Plastic produce bags. Choose produce that isn’t pre-bagged. It’s best to make your own bags from natural-fiber fabric scraps, but until you find time to do that, buy reusable mesh bags or at least reuse the store’s plastic bags: After putting away your produce at home, drop the plastic bags into your larger reusable shopping bags; next time you shop, pull out one of those bags for your produce. If you get even 3 uses out of each bag, it’s not single-use plastic anymore, and you’ve cut your consumption of plastic produce bags by 2/3, painlessly! Check out Zero Waste Chef’s tips for storing produce without plastic.
Plastic bottles. Avoid buying individual servings; get the largest bottle you can use, for less plastic per ounce of liquid. Buy a glass bottle if it’s available and you can recycle it. (Glass is better for your health because it doesn’t leach chemicals into the bottle contents. Whether glass is better for the environment or not depends on whether it gets recycled or it gets broken and contaminates single-stream recycling or hurts animals.)
- Beverages: Bring a cup with you for fountain drinks away from home, or drink from water fountains. Buy concentrated fruit juice and mix it up in a washable pitcher, instead of buying a big bottle. When you must buy an individual beverage, choose an aluminum can for better recyclability.
- Hand soap, body wash, shampoo: Minimize and simplify! Buying just one variety of each product–you might use the same soap for hands and body–makes you more able to use a big bottle. Consider using bar soap in a soap saver; some soap bars are sold plastic-free or with no packaging at all! Another option is to refill your bottles from a big jug at a store that sells by the ounce. Refill foamers to make soap go farther, saving money as well as packaging! Consider washing your hair with vinegar–you could even make your own from apple scraps.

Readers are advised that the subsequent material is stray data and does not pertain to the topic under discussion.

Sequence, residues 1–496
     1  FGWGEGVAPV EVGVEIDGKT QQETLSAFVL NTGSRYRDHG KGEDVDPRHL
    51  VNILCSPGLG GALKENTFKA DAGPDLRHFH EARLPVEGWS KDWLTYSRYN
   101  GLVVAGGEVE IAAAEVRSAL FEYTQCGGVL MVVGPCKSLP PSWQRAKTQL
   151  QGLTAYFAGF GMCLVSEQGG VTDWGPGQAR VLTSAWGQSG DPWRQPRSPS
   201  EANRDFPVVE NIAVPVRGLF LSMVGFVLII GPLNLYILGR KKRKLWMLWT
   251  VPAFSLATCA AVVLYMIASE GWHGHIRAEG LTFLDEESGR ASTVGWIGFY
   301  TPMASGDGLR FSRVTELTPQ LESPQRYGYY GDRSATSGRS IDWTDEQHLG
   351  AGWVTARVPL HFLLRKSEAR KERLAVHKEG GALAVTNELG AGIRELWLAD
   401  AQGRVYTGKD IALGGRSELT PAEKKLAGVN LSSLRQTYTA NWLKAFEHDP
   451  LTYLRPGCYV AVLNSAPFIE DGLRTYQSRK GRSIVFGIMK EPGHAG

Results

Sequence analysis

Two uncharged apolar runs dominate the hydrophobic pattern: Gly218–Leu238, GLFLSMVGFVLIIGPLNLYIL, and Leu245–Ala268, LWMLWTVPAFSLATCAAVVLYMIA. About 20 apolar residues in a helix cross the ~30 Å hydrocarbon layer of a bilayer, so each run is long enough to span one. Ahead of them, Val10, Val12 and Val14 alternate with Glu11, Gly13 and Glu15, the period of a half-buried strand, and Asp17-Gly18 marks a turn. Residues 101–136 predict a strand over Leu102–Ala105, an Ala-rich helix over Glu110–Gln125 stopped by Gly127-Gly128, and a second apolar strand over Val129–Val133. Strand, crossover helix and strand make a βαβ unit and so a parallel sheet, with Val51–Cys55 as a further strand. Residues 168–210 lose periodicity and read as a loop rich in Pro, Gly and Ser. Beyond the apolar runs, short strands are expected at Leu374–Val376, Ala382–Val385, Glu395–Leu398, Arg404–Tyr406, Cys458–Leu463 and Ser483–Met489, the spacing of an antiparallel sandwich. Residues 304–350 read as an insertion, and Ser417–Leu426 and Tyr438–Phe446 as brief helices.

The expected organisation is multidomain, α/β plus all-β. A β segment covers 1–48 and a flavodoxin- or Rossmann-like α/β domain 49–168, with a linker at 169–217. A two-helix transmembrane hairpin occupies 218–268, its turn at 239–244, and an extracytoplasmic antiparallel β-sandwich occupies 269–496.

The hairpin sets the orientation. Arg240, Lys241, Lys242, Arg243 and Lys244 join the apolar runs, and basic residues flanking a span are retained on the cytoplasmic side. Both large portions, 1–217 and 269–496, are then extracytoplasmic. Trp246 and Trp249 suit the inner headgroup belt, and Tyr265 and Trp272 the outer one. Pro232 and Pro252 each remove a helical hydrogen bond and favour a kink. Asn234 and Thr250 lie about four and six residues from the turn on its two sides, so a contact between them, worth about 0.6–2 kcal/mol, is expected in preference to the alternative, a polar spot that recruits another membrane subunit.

- Dish detergent: Once you have a bottle in the size you want to keep next to the sink, you can refill it from a more efficient larger bottle or a refill pouch made from less plastic than a bottle. We recently started using Grove Collaborative’s glass dispenser and refill pouches, and we like them a lot. (Click here for $10 off your first order!)
- Laundry detergent: Even a longtime environmentalist like me learns something new every year, and this year I realized that there’s less plastic in the thin plastic pouch of a powdered laundry detergent like Molly’s Suds than in the big plastic bottle (with fancy pour spout and cap) of a liquid laundry detergent. If your washing machine doesn’t dissolve powder well so you really want a liquid, try Seventh Generation’s pouch inside a recycled cardboard shell–at least it’s less plastic!
Plastic grocery packaging. This one is hard! It’s easily the largest source of SUP in my trash. [UPDATE: In this article at Kitchen Stewardship, I explain how to avoid plastic on specific grocery items.] Buy bulk food in reused containers when you can. Choose foods packaged in cardboard, metal, or glass when possible. Choose the box that’s sealed with a little sticker over the one that’s completely shrink-wrapped. Buy the package that uses the least plastic for the amount of food. Choose packages you can reuse, and make stores and manufacturers aware of your priorities. Make your own frozen vegetables and homemade convenience foods and baby food. Instead of individually-packed snacks, buy a big package or make your own, and pack servings into small reusable containers–try a Squooshi instead of SUP pouches of applesauce and such. Avoid SUP packaging on your non-food items, too–see my guide to buying toilet paper.